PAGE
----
Updated: May 23, 2020
I often use ferrofluid in my videos and photography and am always being asked about it so i thought id share some process shots from a recent project where I used ferrofluid as a source for creating etches for metal.
During my research into the connections between science and art I started to consider the unseen aspects of our world and how art can be used to unveil them. This led me to an exploration of iron and its response to the unseen magnetic field lines. I explored iron in its many forms.
Ferrofluid - What is it?
Ferrofluid (pictured below) was invented by NASA to control the movement of fuel in space, it contains nano-particles of iron and you can see below how ferrofluid reacts to a magnetic force. In the image below I am applying a magnetic force from under the table that the petri dish is placed on.
Highlighting the unseen
I add ink to my ferrofluid petri dish experiments to highlight the movement of the nano-particles of iron created by the magnetic forces. Although the formations directly around the magnet are visible without the ink, once added the movements all around the petri dish becomes visible and the most beautiful patterns and movement appear.
Visual Research and experimenting
When it comes to visual research its always really important for me to gain my own hands on experience, I'm curious about materials and love testing and experimenting, its always valuable and always leads to unexpected results, like the one below. I left the petri dish to settle for a few hours to see what would happen and lines and patterns slowly started to appear.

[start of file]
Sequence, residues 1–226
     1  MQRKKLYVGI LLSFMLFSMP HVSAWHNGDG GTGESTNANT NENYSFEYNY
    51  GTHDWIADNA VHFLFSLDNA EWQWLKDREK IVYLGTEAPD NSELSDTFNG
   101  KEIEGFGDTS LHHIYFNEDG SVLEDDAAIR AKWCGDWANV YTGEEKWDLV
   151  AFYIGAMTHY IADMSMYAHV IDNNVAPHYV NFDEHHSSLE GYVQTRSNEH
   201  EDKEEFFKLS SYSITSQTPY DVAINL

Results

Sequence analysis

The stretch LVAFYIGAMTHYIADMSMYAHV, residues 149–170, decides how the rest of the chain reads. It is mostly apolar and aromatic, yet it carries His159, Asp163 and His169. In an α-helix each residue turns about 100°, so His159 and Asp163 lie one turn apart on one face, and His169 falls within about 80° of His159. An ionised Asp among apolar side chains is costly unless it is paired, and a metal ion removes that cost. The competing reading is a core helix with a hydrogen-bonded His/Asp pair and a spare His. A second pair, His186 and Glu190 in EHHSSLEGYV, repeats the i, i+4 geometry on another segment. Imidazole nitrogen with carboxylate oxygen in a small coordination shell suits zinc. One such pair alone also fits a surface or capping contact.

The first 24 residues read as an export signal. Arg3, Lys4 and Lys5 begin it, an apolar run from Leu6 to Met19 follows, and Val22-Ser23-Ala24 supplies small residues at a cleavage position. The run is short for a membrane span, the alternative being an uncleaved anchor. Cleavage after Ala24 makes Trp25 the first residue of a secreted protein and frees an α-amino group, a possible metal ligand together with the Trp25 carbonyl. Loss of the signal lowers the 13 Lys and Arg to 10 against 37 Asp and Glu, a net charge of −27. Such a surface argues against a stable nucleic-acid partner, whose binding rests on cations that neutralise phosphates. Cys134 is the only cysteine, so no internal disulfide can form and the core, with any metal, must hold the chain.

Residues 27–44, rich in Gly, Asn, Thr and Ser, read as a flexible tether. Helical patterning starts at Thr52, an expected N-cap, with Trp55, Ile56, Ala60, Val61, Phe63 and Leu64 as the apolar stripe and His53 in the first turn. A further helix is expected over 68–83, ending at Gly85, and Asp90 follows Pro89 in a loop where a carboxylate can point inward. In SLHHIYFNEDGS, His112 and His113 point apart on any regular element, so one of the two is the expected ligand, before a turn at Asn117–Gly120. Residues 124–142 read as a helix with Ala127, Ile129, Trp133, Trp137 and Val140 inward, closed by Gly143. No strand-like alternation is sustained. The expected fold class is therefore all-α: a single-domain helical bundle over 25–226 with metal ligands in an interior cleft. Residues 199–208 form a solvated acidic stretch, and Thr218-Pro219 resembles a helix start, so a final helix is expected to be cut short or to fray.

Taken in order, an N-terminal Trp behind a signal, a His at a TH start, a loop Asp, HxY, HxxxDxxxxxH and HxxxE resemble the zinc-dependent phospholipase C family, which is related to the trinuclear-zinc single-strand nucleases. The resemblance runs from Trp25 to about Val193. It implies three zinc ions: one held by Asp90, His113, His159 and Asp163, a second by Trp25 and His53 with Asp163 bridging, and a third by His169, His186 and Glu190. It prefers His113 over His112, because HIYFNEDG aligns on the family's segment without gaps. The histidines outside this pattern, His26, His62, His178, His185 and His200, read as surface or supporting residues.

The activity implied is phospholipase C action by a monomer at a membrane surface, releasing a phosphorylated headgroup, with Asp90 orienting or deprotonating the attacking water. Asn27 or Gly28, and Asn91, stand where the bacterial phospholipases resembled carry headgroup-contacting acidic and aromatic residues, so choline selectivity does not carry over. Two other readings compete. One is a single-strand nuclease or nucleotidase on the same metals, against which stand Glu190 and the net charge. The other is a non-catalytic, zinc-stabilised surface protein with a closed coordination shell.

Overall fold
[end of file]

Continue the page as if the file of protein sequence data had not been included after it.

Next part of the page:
Over time the results started to become more pronounced and focused. The below result is caused by the reaction of the nano-particles in the ferrofluid reacting with the magnetic field lines and the ink makes the effect visible.
I found the result beautiful and wanted to capture the pattern in metal. I used a process of acid etching to recreate my photograph of my petri dish experiment. After etching into the metal, I oxidised and polished back the raised surface to create contrast.
I experimented with differing scales of the print and found it worked well as above but also had a strong effect at larger scales. I am currently working on a series of brooches where the size of the print increases with each brooch in the series, to reflect the magnification increase in my microscope. Below is an example of one of the larger prints.
In a future post I will share the process behind designing a new brooch set design below. The new design also came directly from the ferrofluid photograph print above but reimagined the inspiration in a new freeform, delicate style, combining oxidised silver and 18ct yellow gold.
Thank you so much for dropping by!